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"one Of My Clerks."

"one Of My Clerks." image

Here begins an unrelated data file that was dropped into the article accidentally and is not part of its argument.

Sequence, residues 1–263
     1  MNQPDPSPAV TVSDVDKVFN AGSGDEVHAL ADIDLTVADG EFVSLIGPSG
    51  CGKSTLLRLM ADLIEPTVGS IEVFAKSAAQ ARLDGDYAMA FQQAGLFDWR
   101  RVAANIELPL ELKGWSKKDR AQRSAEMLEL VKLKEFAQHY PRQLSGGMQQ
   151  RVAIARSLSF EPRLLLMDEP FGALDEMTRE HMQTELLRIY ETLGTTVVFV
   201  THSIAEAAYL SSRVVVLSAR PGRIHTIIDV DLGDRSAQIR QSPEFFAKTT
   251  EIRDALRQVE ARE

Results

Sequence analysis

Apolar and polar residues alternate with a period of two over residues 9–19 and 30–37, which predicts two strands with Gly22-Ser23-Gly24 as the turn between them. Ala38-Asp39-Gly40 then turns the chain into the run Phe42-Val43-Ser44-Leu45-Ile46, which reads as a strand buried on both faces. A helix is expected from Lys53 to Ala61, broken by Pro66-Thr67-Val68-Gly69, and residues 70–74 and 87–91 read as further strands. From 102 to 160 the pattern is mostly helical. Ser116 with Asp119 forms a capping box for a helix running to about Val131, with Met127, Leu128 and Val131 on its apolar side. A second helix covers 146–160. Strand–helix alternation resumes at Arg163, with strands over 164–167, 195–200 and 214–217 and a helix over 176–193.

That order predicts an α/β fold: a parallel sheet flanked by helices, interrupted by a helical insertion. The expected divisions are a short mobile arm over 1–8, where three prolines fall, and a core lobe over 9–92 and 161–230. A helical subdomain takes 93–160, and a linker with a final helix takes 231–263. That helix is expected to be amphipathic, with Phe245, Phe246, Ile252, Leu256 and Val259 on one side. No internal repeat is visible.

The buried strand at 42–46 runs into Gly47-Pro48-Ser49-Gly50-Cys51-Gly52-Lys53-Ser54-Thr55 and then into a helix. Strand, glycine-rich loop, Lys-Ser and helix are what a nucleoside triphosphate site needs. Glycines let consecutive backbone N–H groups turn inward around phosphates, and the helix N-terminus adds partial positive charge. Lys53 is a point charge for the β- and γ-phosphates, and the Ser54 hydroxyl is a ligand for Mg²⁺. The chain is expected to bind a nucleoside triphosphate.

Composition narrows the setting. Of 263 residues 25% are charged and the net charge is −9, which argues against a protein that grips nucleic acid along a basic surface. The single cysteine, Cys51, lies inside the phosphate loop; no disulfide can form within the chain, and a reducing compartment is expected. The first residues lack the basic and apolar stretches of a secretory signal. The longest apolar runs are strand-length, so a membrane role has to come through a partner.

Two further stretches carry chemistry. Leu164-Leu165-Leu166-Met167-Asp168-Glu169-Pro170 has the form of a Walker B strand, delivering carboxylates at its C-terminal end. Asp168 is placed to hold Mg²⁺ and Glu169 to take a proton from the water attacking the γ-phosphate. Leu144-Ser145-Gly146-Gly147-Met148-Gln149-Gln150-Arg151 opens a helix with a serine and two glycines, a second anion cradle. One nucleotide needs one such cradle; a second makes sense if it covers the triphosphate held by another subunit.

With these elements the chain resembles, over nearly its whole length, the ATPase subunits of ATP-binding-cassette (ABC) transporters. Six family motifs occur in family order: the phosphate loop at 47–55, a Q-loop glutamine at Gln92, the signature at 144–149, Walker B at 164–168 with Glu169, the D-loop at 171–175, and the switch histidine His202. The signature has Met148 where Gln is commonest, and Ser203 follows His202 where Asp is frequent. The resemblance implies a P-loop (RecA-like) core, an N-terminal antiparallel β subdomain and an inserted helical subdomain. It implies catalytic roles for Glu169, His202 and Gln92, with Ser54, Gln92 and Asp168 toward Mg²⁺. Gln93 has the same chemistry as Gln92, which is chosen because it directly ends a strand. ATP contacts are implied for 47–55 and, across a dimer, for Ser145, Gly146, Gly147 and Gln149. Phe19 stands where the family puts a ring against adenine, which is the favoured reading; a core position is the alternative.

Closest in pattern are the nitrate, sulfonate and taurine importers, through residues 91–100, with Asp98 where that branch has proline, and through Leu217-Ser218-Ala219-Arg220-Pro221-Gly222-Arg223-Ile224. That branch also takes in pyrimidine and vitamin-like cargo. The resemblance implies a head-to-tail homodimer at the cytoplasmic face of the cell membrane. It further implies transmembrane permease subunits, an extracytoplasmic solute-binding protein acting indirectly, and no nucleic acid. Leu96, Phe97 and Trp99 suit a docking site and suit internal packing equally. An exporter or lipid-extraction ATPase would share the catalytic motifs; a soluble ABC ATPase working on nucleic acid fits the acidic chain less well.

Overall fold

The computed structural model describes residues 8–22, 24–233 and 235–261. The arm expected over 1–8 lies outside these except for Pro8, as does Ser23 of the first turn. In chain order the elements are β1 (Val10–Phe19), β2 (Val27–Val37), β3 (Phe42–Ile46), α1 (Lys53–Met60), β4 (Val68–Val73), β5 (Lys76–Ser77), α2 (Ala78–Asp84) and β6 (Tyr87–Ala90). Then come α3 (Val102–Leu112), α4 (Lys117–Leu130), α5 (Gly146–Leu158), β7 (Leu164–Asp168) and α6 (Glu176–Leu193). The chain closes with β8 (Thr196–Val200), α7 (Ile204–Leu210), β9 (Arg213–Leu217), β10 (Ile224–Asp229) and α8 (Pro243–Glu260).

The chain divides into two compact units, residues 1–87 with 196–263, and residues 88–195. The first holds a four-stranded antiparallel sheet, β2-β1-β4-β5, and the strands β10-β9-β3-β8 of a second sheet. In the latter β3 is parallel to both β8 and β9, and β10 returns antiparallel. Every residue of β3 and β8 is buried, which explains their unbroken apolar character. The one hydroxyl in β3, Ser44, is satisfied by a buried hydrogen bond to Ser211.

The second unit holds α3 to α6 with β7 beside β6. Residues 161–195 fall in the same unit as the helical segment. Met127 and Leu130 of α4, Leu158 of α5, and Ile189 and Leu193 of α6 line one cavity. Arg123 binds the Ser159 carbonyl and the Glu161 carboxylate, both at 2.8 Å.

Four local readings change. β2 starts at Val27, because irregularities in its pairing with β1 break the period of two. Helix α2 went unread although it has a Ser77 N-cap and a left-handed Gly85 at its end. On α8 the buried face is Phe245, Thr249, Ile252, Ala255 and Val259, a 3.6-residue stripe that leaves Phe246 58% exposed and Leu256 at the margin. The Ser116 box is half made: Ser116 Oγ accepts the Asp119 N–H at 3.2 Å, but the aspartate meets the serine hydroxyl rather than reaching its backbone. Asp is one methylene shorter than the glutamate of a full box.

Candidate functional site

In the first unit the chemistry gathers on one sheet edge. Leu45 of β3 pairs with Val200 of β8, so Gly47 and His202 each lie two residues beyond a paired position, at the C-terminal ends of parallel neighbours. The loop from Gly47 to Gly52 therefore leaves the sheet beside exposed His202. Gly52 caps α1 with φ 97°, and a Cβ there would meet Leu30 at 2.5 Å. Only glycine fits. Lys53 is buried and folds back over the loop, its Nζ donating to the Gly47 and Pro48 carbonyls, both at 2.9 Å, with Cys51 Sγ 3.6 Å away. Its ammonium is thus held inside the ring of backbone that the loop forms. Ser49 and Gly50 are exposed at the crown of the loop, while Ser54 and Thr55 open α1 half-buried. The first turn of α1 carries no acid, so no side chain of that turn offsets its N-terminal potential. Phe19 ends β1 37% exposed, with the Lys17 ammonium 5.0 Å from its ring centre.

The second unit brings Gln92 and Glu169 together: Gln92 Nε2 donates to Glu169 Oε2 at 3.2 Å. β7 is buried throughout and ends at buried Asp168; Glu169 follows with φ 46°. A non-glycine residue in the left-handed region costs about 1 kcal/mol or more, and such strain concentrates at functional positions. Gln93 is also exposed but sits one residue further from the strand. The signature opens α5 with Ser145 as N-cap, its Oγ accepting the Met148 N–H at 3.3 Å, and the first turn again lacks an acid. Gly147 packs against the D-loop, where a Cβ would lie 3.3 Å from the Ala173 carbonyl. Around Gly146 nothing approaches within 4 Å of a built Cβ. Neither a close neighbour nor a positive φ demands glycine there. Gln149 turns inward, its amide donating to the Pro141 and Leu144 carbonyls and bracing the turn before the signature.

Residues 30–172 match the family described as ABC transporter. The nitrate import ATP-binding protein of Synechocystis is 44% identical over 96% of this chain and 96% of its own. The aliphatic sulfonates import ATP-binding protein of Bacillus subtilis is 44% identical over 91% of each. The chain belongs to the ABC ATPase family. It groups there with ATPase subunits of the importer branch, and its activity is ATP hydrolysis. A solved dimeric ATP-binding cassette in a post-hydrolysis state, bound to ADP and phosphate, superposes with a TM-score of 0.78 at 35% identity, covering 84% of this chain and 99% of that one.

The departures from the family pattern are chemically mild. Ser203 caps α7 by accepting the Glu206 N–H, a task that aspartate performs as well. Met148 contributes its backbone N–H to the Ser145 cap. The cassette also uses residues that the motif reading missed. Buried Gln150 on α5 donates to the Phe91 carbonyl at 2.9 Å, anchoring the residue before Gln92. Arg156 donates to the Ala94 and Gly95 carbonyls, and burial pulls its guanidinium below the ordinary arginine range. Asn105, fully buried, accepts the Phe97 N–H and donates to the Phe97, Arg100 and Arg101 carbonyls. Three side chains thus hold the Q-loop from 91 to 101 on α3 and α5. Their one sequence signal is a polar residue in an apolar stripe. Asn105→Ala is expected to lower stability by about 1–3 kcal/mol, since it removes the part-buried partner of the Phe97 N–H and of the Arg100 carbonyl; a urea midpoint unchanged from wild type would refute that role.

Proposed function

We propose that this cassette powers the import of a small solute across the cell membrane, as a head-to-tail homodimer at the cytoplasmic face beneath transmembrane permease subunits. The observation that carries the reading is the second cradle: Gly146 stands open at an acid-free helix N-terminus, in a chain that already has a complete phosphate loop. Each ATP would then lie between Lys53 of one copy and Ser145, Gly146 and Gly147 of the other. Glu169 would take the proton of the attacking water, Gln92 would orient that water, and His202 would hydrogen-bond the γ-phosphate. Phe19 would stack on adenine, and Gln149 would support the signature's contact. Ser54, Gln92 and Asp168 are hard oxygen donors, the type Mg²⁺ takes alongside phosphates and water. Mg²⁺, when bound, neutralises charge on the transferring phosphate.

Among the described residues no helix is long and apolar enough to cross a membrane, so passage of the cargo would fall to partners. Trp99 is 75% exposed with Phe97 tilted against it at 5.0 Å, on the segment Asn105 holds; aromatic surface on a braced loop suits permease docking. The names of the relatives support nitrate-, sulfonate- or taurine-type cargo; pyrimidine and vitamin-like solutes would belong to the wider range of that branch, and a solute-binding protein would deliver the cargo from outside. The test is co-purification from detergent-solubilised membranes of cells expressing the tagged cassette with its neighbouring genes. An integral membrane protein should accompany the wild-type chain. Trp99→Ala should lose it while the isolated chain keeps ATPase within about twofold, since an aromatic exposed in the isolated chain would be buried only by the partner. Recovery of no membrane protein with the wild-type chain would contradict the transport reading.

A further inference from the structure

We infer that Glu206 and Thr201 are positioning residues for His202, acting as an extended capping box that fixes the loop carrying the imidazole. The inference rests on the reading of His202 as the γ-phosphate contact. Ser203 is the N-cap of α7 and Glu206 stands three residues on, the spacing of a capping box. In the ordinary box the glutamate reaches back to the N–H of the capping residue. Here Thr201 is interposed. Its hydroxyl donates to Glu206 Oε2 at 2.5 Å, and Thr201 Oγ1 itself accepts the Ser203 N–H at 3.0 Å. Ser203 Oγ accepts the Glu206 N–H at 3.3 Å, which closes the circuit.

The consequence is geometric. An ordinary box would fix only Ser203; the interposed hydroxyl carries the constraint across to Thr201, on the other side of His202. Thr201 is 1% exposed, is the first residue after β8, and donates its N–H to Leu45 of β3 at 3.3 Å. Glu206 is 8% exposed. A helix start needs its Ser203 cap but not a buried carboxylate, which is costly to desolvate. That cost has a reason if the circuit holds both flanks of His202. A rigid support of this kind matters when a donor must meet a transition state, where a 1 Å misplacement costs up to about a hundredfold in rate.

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I. There was ruuch speculation and suppressed excitement in thé office oí Messrs. Cragsby and Golding, Colonial Brokers, of Fenchurch Street. Mr. agsby, for many years the senior lartnerin the Brm, had just died, and he conduct and management of afairs had thus devolved upon Mr. ïolding, who was now sole partner, and also nephew and executor to the deceased. The event had caused in he office a feeling of unanimous re;ret. While by nature a just man, Mr. Cragsby had been an unusually kind one- so far, at all events, as those whom he employed were concerned. A man of high principie and strict pro)ity, he never made his own uprightness and rectitude an excuse for severely judging othera. As one of his clerks put it, "Cragsby was strict, but rou couldn't help liking him. for he would never find fault without a cause for it." This necessarily ensurjd him the respect and liking of those vho were under his authority. Another circumstance which added ;o his popularity was the fact that ie disliked making changos in the arangement of thu firm. Having once mployed a man and found him trustvorthy Mr. Cragsby preferred to reain him, even t'hough the salary paid ontinously increased. This gave a. eeling of security to clerks and wareïousemen which runiained undisturbd till the death of the chief rudely awakened them, when they rememberd how different were the views and opinions of the junior partner, who vould now hold undisputed sway. Tor Mr. Golding w;is accustomed to ate his social inferiora by a very diferentscale. Each, in his eyes had "a market value." That was hisphrase. A man might have served the firm well and faithfully fortwenty orthirty years, but this, in Mr. Golding's estimation, gave him no claim to regard or consideration. But, as almost always happens, here was one person with wliom his udenesB of manner was veiled by ourtesy, his asperity softened into mildness, by thedesire to please, and his person was the daughter of the ate partner, and consequently his ousin, Elinor Cragsby. For sorae years, Mr. Golding had herished in his inmost heart - or perlaps it would be better to say mind ;han heart - a liking for her favorable eg.ard. As yet, however, he had not achieved any marked success, but he was of a dogged, persevering nature, md did not despair. The match vould be a very aávantageous one, or Elinor was, by her father's death, laced in possession of a considerable ortune, which would be of use in ex;ending and improving the business. 'For," as Mr. Golding was wont to say to a few f riends, "Cragsby was a ood ffllow enough, but slow and oldaehipned - couldn't keeppacewith the agr." And now that the game was in lis own hands he began to launch out non: boldly. But to do this required capital, and this, if he could but win lis cousin's regard, was ready to his ïand. Elinor's personal attractions, which had in reality at first captivated liin, would have been almost sufficient ;o induce him to seek the alliance; ut Elinor's wealth was irresistible. II. "Renshaw, the governor wantsyou," said one of the seniors to a young man who,bending over his desk, appeared so uitent upon his occupation ïhat the other had to repeat the words, and in a louder key, belore any notice waa taken. Then Gilbert Renshaw, with a brief "Tliank you, Brown," put his work cai etully in his desk, locking it, burned and walked quietly across :1h oflice to the private room. Mr. Brown looked after him. 'He's a queer one," he soliloquized. "llc's been here tour or five years, and tie takes thinga as coolly, as if he had been here all his life - more coolly, in Eact. Half of us would have gone to Golding full pelt, but not he; culch liim hurrying. I can't makehimout," and with this candid admission, Mr. Brown turned his attjntion to his writ ing. Meanwhile (Jilbirt Renshaw had entered thr private room where Mr. Golding sat alone. "You have kept me waiting, Mr. Renshaw." "I regret to hear it, sir," was tin. quiet reply, The chief shifted in his chair, and looked up at the young man. Oí all his clerks, apart trom the important question of their "market value," Gilbert Renshaw was the one whom he most disliked. "I have sent for you, Mr. Renshaw," resumed the chief, "to point out an error of yours in these - an error which might have involved grave consequeiHcs." Gilbert Renshaw bowed but said nothing. The error thus magnified into so much importance, was in reality a trifling oversight, ind waa for the most part the iault of ajunior. This, probably, Mr. Goldhjg well know; but is the papers would come before Renshaw for revisión, he ehoose to assume that the entire blatne rus teil with him. The young man was at once too high-minded and kind-hearted to excúlpate himself by accusing his junior, and in a few words expressed his regret. ':It must not oceur again, Mr. Renshaw." GUbert bowed, but madenoreply, and then, after taking his principal's directiona, left the room. Mr. Golding looked after him with an annoyed expresaiononhis face. "If I catch you tripping again," he muttered to himself, "you shall suffer for it my friend." But the days went by, and for a time bis vindictiveness remained without an opportunity to exercise itself. He was slirewd enough, howover, to wait his opportunity. And that was not long in coming. One Saturday afternoon he happened to want Gilbert for sonie purpose, and sent for him. The young man could nowhere be found. Mr. Golding glanced at the clock and frowned angrily. It was just ten minutes to the time at which, their work being done, the clerks were entitled to leave. Some were already closing their desks, and making preparations for departure, but the suddon appearance of thechief in the outer office galvanized them into renewed activity. A kind-hearted senior in the mean time surreptitiously dispatched an oiiiceboy to the restaurant which üilbert generally frequonted, but tho well-meanteffort wasfruitless. Mr. Golding walked across the office to the farther window, which, the house being a corner one, commanded the longth of the street, and stood looking out. Suddenly he uttored a slight exclamation, which drew all eyes, with alances more or lessfurtive, to the window. There, at some little distance, quietly st rolling along, was Gilbert Renshaw. Unconciousof those watching him he pauaed atthecorner, looked at his watch, and, after a moment's hesitation as if uncertain what couvseto pursue, turned into a sido street and disappeared. III. Monday morning carne, and to tho amazement of each and all Mr. Golding was first at the office. The junior who were naturally among the earliest, were warned by the houseIceeper in a mysterious whisper that "the governor was there." A greater degree of order and silence reigned that morning thari was usual. One by one, as the clerks came in, Lhe arioua posts were taken up. By the senior clerk's desk stood Mr. Golding, a hard, pitiless expression on his face. The clock was juátehimingnine, when tho door swung open, and Gilbert Renshaw walked in. He glanced round, evidently rather surpnsed at seeing Mr. Golding, and then walked toward his desk. Ere he had taken three steps the principal's voice checked him: "You need not trouble to open your desk, Mr. Renshaw. Gilbert turned round, still more surprised at Ihis intimation. Mr. Goldinp; had walked across the office, and the two men stood facing ench other. One glance at the stern face, those eold, keen eyes betore him, and Gilbert saw the other's purpose in a moment. Every one in the office looked on, either stealthily or openly, with interest, and every one was puzzled by the way in which the young man maintained his usual air of easy indifïerenee. But Mr. Golding gave but little time for speculation. "You left before the time on Saturday, Mr. Renshaw?" "About ten minutes before two," answered the other. "And your reason for doing so?" "My woik was linished and I had an important engagement." "Indeed!" answered his employer. "But I do not allow any one of my clerks to keep important engagoments till the office is closed, and as you have thought fit to leave at your own time, you will not be Burprised if I inform you that I shall not need your services longer. This is the amount due to you," and Mr. Golding held out a slip of paper, but Gilbert made no movement to take it. "I understand you, Mr. Golding and I am as ready to leave your service as you are to require me to do so. Technically, you are in the right, andl therefore opologizeforhavingdeprived yon oí ten minutes on Satuday. My presence, doubtless, is not very agreeablo to you, but we may meet again before long; should such an even't happen you will please understand that the interview will not be of my seeking. Good-day, gentlemen;" and with a comprehensive glance and bow totheamazed onlookers, the young man turned and quitted the office, leaving his employer standing, as much astonished as any one, I with the unheeded check still between his fingers. IV. Elinor Cragsby sat with her friend and compiuiion dreamily gazing into the fire. After a while the eider lady looked up f rom thebookshe wasreading. "A penny for your thoughts, Nelll" Thegirl started at the voice, and the words had to be repeated before she seemed to understand them. "I'm not sure," shesaid meditatively, "that they are worth the sum." "Then," said lier friend with a smile, "without wisbing to be uncomplimentary to the subject of them, I think I can guess their direction." "I wish I could make him see how useless it is," the girl broke out, apparently irrelevantly. "He doesn't wish to see that," said her companion. As I have often told you, it appears to me that he has deliberately resolved to succeed in the attempt to win your regard, and he is not a man of fine feelings. Nothing short of absolute discourtesy or rudeness would repel him, unless indeed, it were the presence ofa successful rival," she added in a lower and a meaning tone. There was something in the lastsentence that brought a flush to Elinor Cragsby's face. Sherose fromlierseat and moving toward the window, stood looking out. Sudddenlyshe uttered an exclamation of annoyance. Her friend looked up. "Here ho is!" said Elinor, as if in answer to the look. A smile played for a moment around Mrs. Seaforth's Ups, then vanished. "Shall I leave you?" shesaid, halfrising. "No - on no account;" and Elinor, smiling herself, in spite of her vexation recrossed the room, and with gentle force pushed the eider lady into her seat again and t hen ivsiuned her own. Scarcely had she done so when the 8ervant announced "Mr. Golding," and that gentleman entered, all bows and smiles. "Ellen," he said, attempt ing to take her hand, "you must know how long and how devotedly I havo been attached to you, how I have longed for the hour that should enable me to approach you and offer myself as a suitor for you hand." He paused to note the effect of thia deciaration which, in reality, he had carefully prepixred before he reached the house that evening. Buthelearnt nothing f rom the contemplation of the face before him. It was slightly avovted, as was natural, but in no wiee did its fair owner seem discomposed. Mr. Golding begon to feel a little uneasy, and a new idea for the Brst timo flashed upon his mind. Could there be another? It seemed too absurd, luit it would not be dismissed. He roso from his chair and bent over her for a last appeal. "Can it be?" he niunmired lialf reproachfully. "Have I a rival?" Aa the words left his lips, tho room door oponed, and a voice announced "Mr. Kenshaw." At the sound Mr. Golding, with a suelden start, faced round, and to lïis ut ter astonishment beheld bofore him, emiling courteously, and with ontstretched hand, the man whoni hu had flismissed from his service, whoni hu had even spoken of contemptuously to Elinor herself as "one of iny clerks." "A friend of yours?" he said interrogatively, butjn a tone thatsounded strange in his own ears, and caused tho other thiee to look curiously at him. Thegirl blushed, smiled, but did not answer; and Mrs. Seaforth, who had risen and approaohed them, came to lier rescue. "Mr. Rensbaw was a friend of Mr. Cragsby's and is still a friend of OUTS." "Mr. Renshaw," said the other, "probably has good reasons for his tnendship. Fortunc-hunters usually have." Gilbert Renshaw took a slepforward. "That i.s true as ageneral statement, Mr. Golding," he said, with all his former easy indifference, "but it is not true, if you will al'ow me to say so, in this particular instante. I, personaíly, am not a fortuhe-hunter. Perhaps you know of sonie onewhomay bitt er deserve the name?" "You wero niy clerk," said Golding with a bitter sneer; "what are you now?" "I will teil you," replied Üie other in the same unrumed tone. "As you rightly said, J was your clerk, and it came about in this way. At niy father's death, the property to which I succeeded was somewhat encumbered. Your late partner was an old triend of ours, and he suagested that Ishould obtain a situation for sonie fewyears, leaving tho property thus to clear itsilf y applying the income to the extinction of the debt. To simplify mattere, he kindly oflered me apositionin his own office at a good salary, Btipulating that nothing should be said or known of his long friendship with our family, lest it should be thought he niight favor me. I accepted the post. In a few years, ;is we planned, my property was unencumbered, and your sudden dismissal of mo simply anticipated my own reeignation by two or three weeks. You 6ee, Mr. Golding, while I give you tull credit for having intended to injure me, I can very readily treat with indifference a course of action that has ended in failure." As Oilbert ceased speaking.heglanced meaningly at Elinor, who, with Mrs. Seaforth, had stood quietly by. It was evidently no news to them, and Mr. Golding, as his gaze travelled from one face to another, saw that his efïorts had been in vain, and that success was hopeless. But the whole matter wassoutterly unexpected that for a moment he feit that it could not be reallv true. He turned to Elinor. "You knew of all this, it seems?" "Yes," she said, but speaking in so low a tone thathe could scarcely catch the words; "I knew of all; but it was my father's wish that the matter should not bc tnentioned. That, of course, was sufficient. You would, however, have known it iefore long, tor- for " She hesitated, and cast an appealing glance at Gilbert. "We are to be married shortly," said that gentleman promptly, complet ing the setitence. The blushing face, the downcast eyes beside him confirmed the statement, if, indeed, conlirmation was needed. Mr. Golding waitéd to hear no more, but, turning short on his heel with a niuttered execration, left the room and the house.